Patricio Guzmán: The Watchful Eye
Screening of Patricio Guzmán's La cruz del sur (The Southern Cross) and Pueblo en vilo (A Village Fading Away). Part of the film series "Patricio Guzmán: The Watchful Eye," a retrospective showcasing several of the acclaimed Chilean documentarian's films.
Saturday, May 07, 2011
Billy Wilder Theater
10899 Wilshire Blvd
Los Angeles, 90025
“The only eternal lesson to be had is to study the past, so that we won’t repeat it.”— Patricio Guzmán.
In a remarkable 40-year career, Chilean filmmaker Patricio Guzmán has crafted a unique legacy among documentarians: cataloguing the cataclysmic modern events of his country in a body of work not only timely, but timeless. Influenced early on by the non-fiction work of Chris Marker, Frédéric Rossif and Louis Malle, Guzmán began his career in 1971, documenting the sweeping social and economic reforms enacted by Chile’s then-president, Salvador Allende, Latin America’s first democratically elected socialist head of state. In 1973, Allende’s government was brought down in a bloody coup that brought General Augusto Pinochet to power and Guzmán was forced to leave Chile for Europe where he completed The Battle of Chile, Parts 1-3 (1975-1979), a searing account of the Allende government’s final year. Guzmán has returned to the events of 1973 and their aftermath several times throughout his career while also expanding his field of inquiry to explore the very natures of cinema, history and memory.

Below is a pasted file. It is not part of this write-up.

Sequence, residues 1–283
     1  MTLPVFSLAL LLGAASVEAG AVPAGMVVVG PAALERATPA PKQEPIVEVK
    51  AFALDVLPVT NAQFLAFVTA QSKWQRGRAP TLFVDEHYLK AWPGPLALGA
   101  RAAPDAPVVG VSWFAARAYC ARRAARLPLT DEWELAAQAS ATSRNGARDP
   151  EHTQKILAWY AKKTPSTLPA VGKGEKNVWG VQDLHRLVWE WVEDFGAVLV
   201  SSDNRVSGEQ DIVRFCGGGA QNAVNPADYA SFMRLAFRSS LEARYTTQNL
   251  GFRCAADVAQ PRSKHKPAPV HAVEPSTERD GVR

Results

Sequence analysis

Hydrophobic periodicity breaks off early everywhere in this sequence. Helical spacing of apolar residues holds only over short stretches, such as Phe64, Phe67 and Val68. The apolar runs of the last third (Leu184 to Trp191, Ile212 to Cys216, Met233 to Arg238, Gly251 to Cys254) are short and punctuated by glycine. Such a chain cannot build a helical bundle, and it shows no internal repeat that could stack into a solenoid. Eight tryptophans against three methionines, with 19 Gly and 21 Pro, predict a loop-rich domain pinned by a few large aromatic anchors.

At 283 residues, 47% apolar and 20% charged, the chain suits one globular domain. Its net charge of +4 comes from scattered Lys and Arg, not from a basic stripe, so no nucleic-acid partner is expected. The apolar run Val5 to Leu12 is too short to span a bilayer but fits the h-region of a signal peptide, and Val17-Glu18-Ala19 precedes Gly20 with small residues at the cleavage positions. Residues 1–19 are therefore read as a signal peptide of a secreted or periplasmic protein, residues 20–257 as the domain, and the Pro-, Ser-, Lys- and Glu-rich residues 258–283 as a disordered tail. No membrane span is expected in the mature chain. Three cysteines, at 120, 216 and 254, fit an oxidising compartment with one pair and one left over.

About the Films:
THE SOUTHERN CROSS (La cruz del sur) (1992)
In The Southern Cross, Guzmán assays the history of religion in Latin America, from pre-Columbian mythology, through the spread of Christianity and the syncretistic local strategies that arose from their encounter. But this visually rich and contemplative work is no mere illustrated lecture. While grounded in materialism, Guzmán pushes out to explore the spiritual imagination of the region’s diverse peoples and conjures a deeply spiritual film along the way.
80 Minutes | In Spanish with English Subtitles
A VILLAGE FADING AWAY (Pueblo en vilo) (1995)
This rarely seen film finds Guzmán working in collaboration with Mexican historian Luis González y González, a pioneer of “microhistory,” which approaches small-scale, ordinary events as constitutive and reflective of larger historical movements. Inspired by González y González’s classic microhistory of a small Michoacán town and guided by González y González himself, Guzmán tours San José de Gracia with an eye to its resonant past and multi-layered present while exploring the nature of historical inquiry itself.
52 Minutes | In Spanish with English Subtitles
Cost: Free to UCLA students with valid ID; General Admission: $10
To purchase tickets, please visit http://www.cinema.ucla.edu/calendar (Filmforum members receive a $1 discount off the regular ticket price at the theater box office) Parking Information: Parking is available in the lot under the theater. Enter from Westwood Blvd., just north of Wilshire. Parking for people with disabilities is provided on levels P1 and P3. After 6pm: $3.00 flat rate. Before 6pm: $3.00 for first 3 hours with Museum validation and $1.50 per 20 minutes thereafter, maximum $12 per day. To obtain validation stamp show your ticket stub at the security desk in the Wilshire Lobby.